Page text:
Articles Posted in Divorce

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wedding ringsIn a recent Texas spousal maintenance case, a husband appealed from a final divorce decree. He claimed the court made a mistake by awarding the wife $1,500 in spousal maintenance, awarding temporary spousal support of $2,500 each month, ordering him to pay $20,000 in delinquent temporary spousal support payments, failing to issue appropriate factual and legal findings, and failing to award him property he believed was solely his separate property.

In 2014, the parties agreed in court that the husband would pay the wife $2,500 each month before the divorce as temporary alimony. The wife asked for the entry of an order reflecting that. However, the husband filed a proposed rule 11 agreement, claiming an error in calculating his income. He asked for a modification of the agreement.

Another hearing was held related to the temporary orders. There, the husband’s attorney told the court that there had been an error in the first agreement. The wife’s attorney said he understood that the husband’s income was around $5,000. The husband’s attorney claimed he’d withdrawn money from his 401K, and the monthly income of about $1,400 wouldn’t be available.

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crackIn a recent Texas divorce case, the plaintiff appealed from a trial court order related to property division in a divorce. The case arose when a couple signed a mediated settlement agreement that indicated a particular brokerage account would be awarded to the wife. The husband’s attorney drafted the divorce decree, and both parties signed it. Both parties had the opportunity to review the decree and signed it freely. The final divorce decree awarded the brokerage account to the husband, but it otherwise matched the mediated settlement agreement.

The husband’s attorney proved up the divorce, and the decree was signed by the lower court. The wife’s attorney asked the husband’s attorney for the file-stamped copy of the final decree, but it wasn’t provided.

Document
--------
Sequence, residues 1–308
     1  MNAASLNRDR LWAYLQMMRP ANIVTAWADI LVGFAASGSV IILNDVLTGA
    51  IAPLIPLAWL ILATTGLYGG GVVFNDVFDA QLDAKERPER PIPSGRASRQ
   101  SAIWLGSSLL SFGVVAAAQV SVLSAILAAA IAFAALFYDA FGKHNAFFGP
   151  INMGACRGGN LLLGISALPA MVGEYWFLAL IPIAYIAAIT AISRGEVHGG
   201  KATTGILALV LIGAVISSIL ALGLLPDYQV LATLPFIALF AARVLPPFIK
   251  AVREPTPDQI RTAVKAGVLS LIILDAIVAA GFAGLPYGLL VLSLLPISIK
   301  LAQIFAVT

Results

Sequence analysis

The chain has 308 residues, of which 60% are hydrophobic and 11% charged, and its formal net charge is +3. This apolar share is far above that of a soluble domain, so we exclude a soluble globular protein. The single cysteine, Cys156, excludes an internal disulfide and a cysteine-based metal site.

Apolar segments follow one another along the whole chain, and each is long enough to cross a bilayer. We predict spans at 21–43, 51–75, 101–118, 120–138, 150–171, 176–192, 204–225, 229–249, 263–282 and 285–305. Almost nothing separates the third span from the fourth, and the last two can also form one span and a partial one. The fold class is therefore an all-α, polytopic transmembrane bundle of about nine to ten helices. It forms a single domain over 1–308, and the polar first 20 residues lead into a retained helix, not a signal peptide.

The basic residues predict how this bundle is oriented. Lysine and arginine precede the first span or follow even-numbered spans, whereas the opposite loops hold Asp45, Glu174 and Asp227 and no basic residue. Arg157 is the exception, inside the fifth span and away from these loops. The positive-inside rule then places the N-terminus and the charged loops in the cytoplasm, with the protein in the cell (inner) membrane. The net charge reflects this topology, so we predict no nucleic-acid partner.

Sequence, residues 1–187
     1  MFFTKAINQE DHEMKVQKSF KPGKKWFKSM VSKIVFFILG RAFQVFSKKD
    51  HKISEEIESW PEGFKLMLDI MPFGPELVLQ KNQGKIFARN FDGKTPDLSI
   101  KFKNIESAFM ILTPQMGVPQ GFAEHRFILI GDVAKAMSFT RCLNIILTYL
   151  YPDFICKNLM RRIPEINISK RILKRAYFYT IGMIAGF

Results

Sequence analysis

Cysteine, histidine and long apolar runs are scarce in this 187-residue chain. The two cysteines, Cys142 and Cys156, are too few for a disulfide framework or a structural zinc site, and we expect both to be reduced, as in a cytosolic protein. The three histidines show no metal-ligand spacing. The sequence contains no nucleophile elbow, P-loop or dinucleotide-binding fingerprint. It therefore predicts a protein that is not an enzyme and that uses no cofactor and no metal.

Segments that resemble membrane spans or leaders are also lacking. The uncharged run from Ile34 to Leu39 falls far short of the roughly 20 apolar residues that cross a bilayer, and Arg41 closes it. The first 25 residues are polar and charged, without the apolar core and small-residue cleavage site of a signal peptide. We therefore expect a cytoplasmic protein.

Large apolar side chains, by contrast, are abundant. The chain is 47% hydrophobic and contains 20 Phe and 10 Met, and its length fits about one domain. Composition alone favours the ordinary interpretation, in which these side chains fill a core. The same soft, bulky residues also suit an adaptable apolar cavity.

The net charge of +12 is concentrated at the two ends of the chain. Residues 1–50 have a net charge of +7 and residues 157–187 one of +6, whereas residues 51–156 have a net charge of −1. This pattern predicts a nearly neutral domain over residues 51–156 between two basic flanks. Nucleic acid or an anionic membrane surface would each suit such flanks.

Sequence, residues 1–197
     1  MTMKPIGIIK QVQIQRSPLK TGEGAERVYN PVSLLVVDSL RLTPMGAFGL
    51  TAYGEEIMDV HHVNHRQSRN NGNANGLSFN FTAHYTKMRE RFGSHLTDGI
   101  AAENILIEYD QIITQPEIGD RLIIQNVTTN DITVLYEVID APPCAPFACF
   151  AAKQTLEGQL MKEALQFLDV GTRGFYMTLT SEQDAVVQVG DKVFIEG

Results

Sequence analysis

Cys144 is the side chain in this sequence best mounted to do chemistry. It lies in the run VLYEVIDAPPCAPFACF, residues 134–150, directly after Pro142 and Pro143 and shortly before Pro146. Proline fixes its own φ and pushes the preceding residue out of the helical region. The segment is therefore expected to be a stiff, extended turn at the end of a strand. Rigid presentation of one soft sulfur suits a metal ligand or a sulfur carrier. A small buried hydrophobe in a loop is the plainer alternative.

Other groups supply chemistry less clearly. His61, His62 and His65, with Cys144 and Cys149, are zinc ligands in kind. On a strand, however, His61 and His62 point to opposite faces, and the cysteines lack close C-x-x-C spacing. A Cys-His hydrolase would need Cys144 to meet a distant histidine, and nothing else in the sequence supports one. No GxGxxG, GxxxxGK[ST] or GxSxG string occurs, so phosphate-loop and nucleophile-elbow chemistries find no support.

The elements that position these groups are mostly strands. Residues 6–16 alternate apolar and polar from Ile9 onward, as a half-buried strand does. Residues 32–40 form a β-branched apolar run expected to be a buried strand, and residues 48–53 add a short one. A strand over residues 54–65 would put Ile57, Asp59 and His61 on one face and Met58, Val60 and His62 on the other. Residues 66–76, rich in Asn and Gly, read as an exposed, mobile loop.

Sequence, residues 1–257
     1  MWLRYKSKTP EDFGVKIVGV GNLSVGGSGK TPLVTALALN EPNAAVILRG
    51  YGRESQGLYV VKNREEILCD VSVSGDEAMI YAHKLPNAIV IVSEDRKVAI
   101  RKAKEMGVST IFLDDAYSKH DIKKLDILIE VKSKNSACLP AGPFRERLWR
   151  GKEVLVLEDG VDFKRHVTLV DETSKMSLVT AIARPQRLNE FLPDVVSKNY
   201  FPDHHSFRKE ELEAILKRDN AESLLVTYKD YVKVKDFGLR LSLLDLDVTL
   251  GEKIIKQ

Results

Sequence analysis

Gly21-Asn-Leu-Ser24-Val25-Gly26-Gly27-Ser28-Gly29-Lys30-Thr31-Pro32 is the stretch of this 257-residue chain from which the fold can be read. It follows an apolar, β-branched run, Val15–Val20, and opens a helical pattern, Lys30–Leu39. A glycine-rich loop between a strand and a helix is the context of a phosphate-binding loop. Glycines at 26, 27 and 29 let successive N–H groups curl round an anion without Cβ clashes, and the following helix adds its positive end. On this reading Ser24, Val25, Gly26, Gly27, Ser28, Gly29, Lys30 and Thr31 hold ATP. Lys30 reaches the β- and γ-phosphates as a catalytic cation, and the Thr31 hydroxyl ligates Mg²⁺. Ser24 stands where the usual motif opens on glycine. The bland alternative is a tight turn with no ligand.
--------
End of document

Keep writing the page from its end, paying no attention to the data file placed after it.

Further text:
After the expiration of the court’s plenary power, the wife went to the courthouse and procured a copy of the decree. She realized that it awarded the brokerage account to her ex-husband. When the ex-husband refused to agree that the account was hers, she filed a petition for a bill of review.

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ColosseumIn a recent Texas divorce case, a husband appealed from a divorce decree. He and his wife married in 2014, and they had a son in the same year. In the following year, he petitioned the court to declare that their marriage was void, claiming that his wife’s prior marriage in Eritrea had never been properly concluded. Therefore, he argued, their marriage was void. She counter-petitioned for divorce.

The trial was bifurcated such that the court looked at whether the marriage was valid in one proceeding and decided the divorce-related concerns in a separate, later proceeding. During the first proceeding, the wife testified she married an Italian citizen in Eritrea in 2002, and she had two kids with him. They were legally separated in Italy, and her ex-husband was ordered to pay her child support. She also filed for divorce in Eritrea in 2013. The record included a decree from Eritrea in which the divorce was stated to be in 2013. The ex-husband didn’t appear in court, but a divorce was decreed, and the wife believed she was properly divorced.

The husband showed that the Italian legal proceedings were ongoing in 2013. The wife testified that the Italian proceedings were to get legally separated, but she’d asked for the divorce in Eritrea. Neither the wife nor the husband submitted information about Italian or Eritrean divorce law. At the end of the first proceeding, the husband’s request that his marriage be declared void was denied.

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ringsIn a recent Texas divorce case, the lower court imposed so-called “death penalty sanctions” against the wife for litigation misconduct. The wife sued for divorce in 2016, and the husband counter-petitioned in the following month. In the counter-petition, the husband pled claims of misapplication of community property, fraud, breach of fiduciary duty, and forgery.